If bedtime is a battle field, you need the night-time magic formula for better sleep
How you put your baby to bed is pretty important for just how successful your night’s sleep will be. It's never too early to establish bedtime habits. Simple bedtime associations will work wonders by helping her wind down and become sleepy.
5pm Snack time
For older children, a glass of warm milk, a banana or some wholegrain cereal can help prevent tummy rumbles in the night.
‘These all contain tryptophan, an amino acid that is thought to be converted into melatonin and so aids sleep,’ explains Mandy. ‘Give these before bathtime, so your toddler doesn't go to bed with a full tummy.’
5.30pm Quiet time
Close the curtains, dim the lights and keep noise to a minimum. Now’s a good time for you to all have a break from the TV – turning your home into a little oasis. ‘This will signal to newborns that it’s evening while toddlers will get the message it’s close to bedtime and begin winding down,’ says Dee.
Splashing in the bath will help your little one burn off some energy and help calm her before bed. Baths are a wonderful sedative. ‘The drop in body temperature after the bath helps to trigger the release of the sleep hormone melatonin, so your child should settle more easily,’ explains Mandy.
6.20pm PJ time
Get her new nappy and pyjamas on in the bedroom, with the lights dimmed, rather than taking your baby downstairs again, which she’ll associate with daytime and play.
6.30pm Supper time
Give the last feed of the day while your baby is relaxed but still alert. It means she’s less likely to fall asleep during feeding, so will learn to settle by herself in the night rather than cry for you,’ says Mandy.
6.40pm Story time
Even babies as young as three months will enjoy listening to you read before bed, but try and do it in a low, quiet tone.
‘This should be more about having a cuddle and being calmed by your soothing voice rather than a terribly exciting story,’ says Dee. ‘Keep your voice low and avoid engaging your child too much by pointing at pictures or asking questions.’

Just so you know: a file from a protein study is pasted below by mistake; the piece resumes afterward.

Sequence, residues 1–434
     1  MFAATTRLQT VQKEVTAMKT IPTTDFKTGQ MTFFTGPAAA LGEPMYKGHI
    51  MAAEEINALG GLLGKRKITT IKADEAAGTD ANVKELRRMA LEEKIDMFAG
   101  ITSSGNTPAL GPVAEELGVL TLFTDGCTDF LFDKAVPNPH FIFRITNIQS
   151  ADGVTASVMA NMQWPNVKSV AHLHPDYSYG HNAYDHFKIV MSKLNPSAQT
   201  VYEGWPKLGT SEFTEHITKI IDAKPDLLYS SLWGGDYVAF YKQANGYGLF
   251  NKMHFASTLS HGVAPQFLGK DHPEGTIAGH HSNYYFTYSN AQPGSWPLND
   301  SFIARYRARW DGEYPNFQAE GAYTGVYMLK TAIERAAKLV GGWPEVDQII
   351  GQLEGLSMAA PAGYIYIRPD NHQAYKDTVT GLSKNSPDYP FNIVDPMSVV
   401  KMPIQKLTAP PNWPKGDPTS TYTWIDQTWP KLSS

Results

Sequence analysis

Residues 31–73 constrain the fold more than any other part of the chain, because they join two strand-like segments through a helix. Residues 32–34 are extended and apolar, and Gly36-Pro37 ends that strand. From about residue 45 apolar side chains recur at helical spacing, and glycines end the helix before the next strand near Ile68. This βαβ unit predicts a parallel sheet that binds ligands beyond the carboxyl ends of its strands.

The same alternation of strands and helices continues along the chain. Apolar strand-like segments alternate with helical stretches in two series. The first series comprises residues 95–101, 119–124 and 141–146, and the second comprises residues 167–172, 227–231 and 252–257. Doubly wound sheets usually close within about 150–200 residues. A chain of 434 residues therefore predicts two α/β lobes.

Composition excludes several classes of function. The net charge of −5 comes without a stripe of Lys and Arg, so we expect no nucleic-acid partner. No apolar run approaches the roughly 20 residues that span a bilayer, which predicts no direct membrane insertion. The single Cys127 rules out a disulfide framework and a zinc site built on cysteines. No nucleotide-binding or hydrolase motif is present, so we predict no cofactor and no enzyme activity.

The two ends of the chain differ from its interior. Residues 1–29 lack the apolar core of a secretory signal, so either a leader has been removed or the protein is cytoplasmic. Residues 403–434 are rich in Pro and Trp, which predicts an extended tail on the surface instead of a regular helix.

6.50pm Cuddle time
This is the bit all children will relish. ‘A cuddle before bed helps your child feel safe and loved,’ says Mandy. ‘It also boosts levels of the hormone oxytocin, which relaxes the entire body and promotes sleep.’
Tell your little one it’s time to sleep and place her in her cot or bed. ‘It can be helpful to whisper the same words every night, for example, “Sweet dreams, baby. Mummy loves you,”’ says Dee. ‘That way your child will come to associate these words with sleep.’
Up to three months it’s best to stay in the room if your little one cries. After this age, leave the room and listen to any cries. ‘If you can hear her winding down, give it a few minutes and she’ll probably settle,’ says Dee. ‘If not, return to the room, say, “Mummy’s here, ssshh, ssshh”, before leaving the room again.’
Tell your little one it’s time to sleep and place her in her cot or bed
10-11pm Dream feed
Some mums top up their baby with a feed at this time, which your little one will take in her sleep.
‘This can be done without waking your baby and will extend the length of time she sleeps during the night,’ says Dee. ‘However, it’s not really necessary once your baby is weaned.’
12pm Wake time
If your little one has a habit of waking up at a random time in the night, don’t be too quick to run to her, especially if she’s older than six months. Leave it a couple of minutes when she cries and you may find she settles by herself.
'If she doesn't, keep the lights dimmed, give her a cuddle, say, “Mummy’s here, ssshh, ssshh”, and return her to her cot,' says mandy. 'Keep your voice low and she should soon settle again.’